Residents tour city-owned former gas station
JANESVILLE—About 30 residents who toured the city-owned former gas station next to the police station Monday saw peeling lead paint in its former storeroom.
They saw crumbling sandstone from old brick that is sifted through the bases of furred-in walls, evidence of roof leaks, tuck-pointing gone bad and wood floors that have seen much better days.
But as the city grapples with whether to raze or repair the former Standard Oil station it bought seven years ago, a group of residents is optimistic about saving it.
Monday, dozens of residents, the city council and city officials walked through the building at 101 S. Franklin St. during a city-orchestrated tour of the property.
The purpose of the tour, officials said, was to give the council food for thought and a view of the building's condition before a set of recommendations comes from the city Aug. 25. That is likely when officials will decide whether to demolish the building at a cost of about $35,000 or shore it up for possible reuse.
The city bought the station with the intent to tear it down for future police station expansion. City Manager Mark Freitag floated a plan in April to demolish the building then. The council halted that plan, instead asking the city to review options and see if any private group might want to save the building.
Immediate fixes would stop roof leaks and shore up a crumbling parapet. That work could cost the city $91,000, but that would be the “minimum” work and would only make the building secure, Manager of Building and Development Services Gale Price said during the tour.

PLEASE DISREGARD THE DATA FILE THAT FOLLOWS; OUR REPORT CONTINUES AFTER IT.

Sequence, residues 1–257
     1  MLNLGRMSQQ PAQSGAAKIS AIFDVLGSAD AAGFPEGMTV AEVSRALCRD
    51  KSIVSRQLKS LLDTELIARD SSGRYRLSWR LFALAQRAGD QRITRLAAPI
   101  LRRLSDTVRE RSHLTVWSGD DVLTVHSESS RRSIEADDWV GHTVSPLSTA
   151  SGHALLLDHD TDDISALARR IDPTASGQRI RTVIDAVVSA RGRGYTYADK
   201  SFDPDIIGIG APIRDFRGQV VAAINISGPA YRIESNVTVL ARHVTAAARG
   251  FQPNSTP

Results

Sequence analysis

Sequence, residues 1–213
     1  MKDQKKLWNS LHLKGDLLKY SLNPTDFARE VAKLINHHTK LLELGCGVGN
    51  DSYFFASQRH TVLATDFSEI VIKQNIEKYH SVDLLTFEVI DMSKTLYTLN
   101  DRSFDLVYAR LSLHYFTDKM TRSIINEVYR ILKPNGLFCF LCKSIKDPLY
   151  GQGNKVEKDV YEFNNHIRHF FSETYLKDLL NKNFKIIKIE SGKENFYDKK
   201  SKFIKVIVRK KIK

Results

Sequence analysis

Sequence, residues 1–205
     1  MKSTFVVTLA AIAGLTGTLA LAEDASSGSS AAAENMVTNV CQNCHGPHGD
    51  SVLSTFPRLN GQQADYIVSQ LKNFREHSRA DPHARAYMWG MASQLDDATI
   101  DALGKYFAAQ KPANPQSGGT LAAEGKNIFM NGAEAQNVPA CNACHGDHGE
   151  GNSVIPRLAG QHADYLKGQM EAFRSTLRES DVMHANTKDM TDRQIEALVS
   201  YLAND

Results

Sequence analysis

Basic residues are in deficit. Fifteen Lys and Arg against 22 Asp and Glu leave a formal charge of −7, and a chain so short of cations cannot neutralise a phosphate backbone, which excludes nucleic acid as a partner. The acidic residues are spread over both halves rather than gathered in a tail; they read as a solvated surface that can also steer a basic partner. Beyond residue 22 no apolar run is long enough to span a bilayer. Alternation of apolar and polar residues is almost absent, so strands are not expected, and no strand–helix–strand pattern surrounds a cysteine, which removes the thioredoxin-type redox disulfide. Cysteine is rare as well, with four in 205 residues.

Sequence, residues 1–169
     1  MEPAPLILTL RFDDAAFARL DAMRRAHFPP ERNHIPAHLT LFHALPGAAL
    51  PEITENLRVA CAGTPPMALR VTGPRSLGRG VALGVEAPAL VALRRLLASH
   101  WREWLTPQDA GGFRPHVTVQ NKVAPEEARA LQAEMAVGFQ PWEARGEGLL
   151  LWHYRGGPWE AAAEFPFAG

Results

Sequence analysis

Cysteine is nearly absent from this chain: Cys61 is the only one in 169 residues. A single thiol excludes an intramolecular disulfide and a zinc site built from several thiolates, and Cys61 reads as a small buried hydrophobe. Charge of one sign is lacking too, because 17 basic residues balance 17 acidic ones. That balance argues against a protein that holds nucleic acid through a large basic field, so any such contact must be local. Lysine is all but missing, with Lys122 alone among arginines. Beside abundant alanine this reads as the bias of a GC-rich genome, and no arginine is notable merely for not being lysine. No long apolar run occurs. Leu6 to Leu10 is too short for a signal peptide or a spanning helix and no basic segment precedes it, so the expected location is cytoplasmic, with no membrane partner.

Price said interior repairs to make the building suitable for reuse could cost $250,000.
On Monday, about 15 auto enthusiasts turned out to look around the building. The group, which is calling itself Citizens For Preservation, says it plan to float a proposal to the city prior to Aug. 25 to shore up the building and avert its potential demolition.
Details of that plan have not been released, including how or whether the group would fund fixes to the property, or whether they've got a potential reuse plan.
Tom Skinner, a Janesville resident and auto enthusiast who is part of Citizens for Preservation, brought old pictures of the station and Gazette articles from when it opened in October 1930.
He and other members of the group hope nostalgia and the city's automotive roots as a former General Motors town could push interest to save the building.
“This station was once the biggest one in Janesville. And it's one of the last remaining stations around with that old, Route 66-style Spanish Colonial architecture. It's one-of-a-kind. Part of the this city's history,” Skinner said.
Skinner suggested necessary repairs to the building's membrane roof could be paired with tuck-pointing and repainting the outside in classic, Standard Oil colors of red, white and blue.
Resident Richard Snyder, an organizer of a private group's effort this year to save the city-owned Oak Hill Chapel, which also was threatened by demolition, said he's willing to join the private group's bid to save the gas station.
Snyder launched a failed bid earlier this year to locate a “learning lab” for woodcraft and glasswork in the building.
Snyder said he's worked with the city and contractors to estimate repair costs. He suggested a group could work to raise money for fixes.
“We could not only save it, but bring in contractors and save the city money,” he said.